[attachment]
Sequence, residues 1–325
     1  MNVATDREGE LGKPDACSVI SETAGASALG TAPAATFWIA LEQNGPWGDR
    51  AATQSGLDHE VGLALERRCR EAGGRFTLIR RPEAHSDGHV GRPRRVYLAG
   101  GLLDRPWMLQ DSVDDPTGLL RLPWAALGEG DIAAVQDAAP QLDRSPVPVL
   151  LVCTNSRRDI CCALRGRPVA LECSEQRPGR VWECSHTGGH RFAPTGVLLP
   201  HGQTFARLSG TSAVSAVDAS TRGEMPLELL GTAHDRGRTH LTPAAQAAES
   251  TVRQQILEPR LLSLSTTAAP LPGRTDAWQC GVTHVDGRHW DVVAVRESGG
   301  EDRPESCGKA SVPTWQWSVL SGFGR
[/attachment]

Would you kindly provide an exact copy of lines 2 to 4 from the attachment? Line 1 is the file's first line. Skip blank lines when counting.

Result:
     1  MNVATDREGE LGKPDACSVI SETAGASALG TAPAATFWIA LEQNGPWGDR
    51  AATQSGLDHE VGLALERRCR EAGGRFTLIR RPEAHSDGHV GRPRRVYLAG
   101  GLLDRPWMLQ DSVDDPTGLL RLPWAALGEG DIAAVQDAAP QLDRSPVPVL